Lack of homes on the market to drive Toronto real estate prices

A lack of homes for sale is expected to drive Toronto’s sizzling housing market to another year of double-digit price increases, the city’s real estate board said Tuesday.

The Toronto Real Estate Board said the average price for all types of housing is forecast to rise to about $825,000 — up from $730,472 in December and $729,922 for the 2016 calendar year.

The largest year-over-year price increases will be for low-rise types of housing such as detached and semi-detached homes and townhouses, said the board, which represents about 46,000 real estate brokers and salespersons.

“While changes to federal mortgage lending guidelines and higher borrowing costs may impact some would-be homebuyers, the big impediment will be the lack of inventory,” Jason Mercer, the board’s director of market analysis, said in a statement.

The number of listings at the end of December were at their lowest since before 2000, Mercer said.

“It is unlikely that the shortage of listings will improve to any great degree over the course of the next year,” he said. “This will put a ceiling on sales growth.”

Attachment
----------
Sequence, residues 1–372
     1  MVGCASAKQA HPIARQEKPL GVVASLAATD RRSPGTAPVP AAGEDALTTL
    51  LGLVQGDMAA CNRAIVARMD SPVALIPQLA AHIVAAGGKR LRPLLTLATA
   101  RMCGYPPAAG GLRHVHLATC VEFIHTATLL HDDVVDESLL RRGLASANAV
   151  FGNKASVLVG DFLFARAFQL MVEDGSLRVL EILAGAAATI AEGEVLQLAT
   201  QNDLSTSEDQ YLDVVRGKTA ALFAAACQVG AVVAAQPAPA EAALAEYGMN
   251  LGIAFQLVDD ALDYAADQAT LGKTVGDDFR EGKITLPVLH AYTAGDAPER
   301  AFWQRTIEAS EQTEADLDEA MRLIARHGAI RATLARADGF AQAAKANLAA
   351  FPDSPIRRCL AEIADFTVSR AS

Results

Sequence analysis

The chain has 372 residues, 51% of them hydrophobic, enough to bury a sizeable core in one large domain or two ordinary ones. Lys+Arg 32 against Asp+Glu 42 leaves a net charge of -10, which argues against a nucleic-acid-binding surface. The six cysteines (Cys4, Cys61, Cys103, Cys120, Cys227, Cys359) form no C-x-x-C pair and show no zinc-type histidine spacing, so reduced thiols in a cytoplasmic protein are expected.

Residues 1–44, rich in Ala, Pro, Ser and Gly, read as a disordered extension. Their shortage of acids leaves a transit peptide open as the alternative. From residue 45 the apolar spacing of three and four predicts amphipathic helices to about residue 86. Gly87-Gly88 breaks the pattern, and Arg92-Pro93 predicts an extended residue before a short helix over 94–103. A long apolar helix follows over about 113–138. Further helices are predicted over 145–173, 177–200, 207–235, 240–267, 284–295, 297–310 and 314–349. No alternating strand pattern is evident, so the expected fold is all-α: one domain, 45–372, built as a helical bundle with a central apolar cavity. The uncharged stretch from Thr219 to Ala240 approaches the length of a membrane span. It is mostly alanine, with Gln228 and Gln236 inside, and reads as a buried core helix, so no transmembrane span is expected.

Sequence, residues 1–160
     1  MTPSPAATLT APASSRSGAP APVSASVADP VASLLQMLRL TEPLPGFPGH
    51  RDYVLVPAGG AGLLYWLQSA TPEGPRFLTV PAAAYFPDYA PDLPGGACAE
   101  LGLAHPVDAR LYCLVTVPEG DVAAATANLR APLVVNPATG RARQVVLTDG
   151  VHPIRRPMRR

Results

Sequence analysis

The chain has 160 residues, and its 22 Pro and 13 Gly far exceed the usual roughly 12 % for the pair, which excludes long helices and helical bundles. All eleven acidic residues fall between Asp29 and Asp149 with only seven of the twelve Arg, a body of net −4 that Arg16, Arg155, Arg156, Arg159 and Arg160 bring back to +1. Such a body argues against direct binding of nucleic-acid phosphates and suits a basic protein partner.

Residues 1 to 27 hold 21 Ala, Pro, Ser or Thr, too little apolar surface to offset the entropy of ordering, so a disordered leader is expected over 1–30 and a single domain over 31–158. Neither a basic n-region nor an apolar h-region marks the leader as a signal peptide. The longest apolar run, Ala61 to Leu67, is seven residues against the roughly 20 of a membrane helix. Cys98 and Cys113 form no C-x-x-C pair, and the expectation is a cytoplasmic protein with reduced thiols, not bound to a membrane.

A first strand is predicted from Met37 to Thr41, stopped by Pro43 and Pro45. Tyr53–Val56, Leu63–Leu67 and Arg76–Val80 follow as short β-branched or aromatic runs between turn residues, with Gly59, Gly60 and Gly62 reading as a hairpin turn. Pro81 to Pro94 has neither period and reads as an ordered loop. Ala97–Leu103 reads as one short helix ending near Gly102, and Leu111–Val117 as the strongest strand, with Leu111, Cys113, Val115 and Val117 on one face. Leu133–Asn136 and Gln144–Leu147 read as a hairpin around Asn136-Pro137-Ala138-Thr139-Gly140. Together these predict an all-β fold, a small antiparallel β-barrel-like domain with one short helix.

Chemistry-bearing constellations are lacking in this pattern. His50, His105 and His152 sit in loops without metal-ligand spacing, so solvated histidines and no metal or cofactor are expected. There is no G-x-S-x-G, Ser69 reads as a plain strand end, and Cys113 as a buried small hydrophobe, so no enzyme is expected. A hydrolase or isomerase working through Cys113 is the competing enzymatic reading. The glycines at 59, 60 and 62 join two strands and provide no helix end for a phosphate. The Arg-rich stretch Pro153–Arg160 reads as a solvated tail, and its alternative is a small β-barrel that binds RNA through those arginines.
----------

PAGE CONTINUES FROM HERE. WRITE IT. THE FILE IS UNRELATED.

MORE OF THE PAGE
The board estimates there will be between 104,500 and 115,500 home sales this year through its MLS system — more or less similar to the 113,133 recorded last year.

The group is repeating its call for the private, public and not-for-profit sectors to seek solutions to increase the supply of properties for sale in the Toronto region rather than attempt to reduce demand from would-be buyers.

It said a foreign buyers’ tax, which some called for to rein in Toronto house prices after such a levy was implemented in Vancouver, would be misguided. It pointed to a survey it conducted among its members late last year that concluded 4.9 per cent of transactions in the Greater Toronto Area involved foreigners.

After a tax on foreign nationals buying property in Vancouver was introduced in August, the city saw a whopping drop in the number of homes sold — in some cases, monthly sales fell between 30 to nearly 40 per cent on a year-over-year basis.

 

(source Toronto SUN)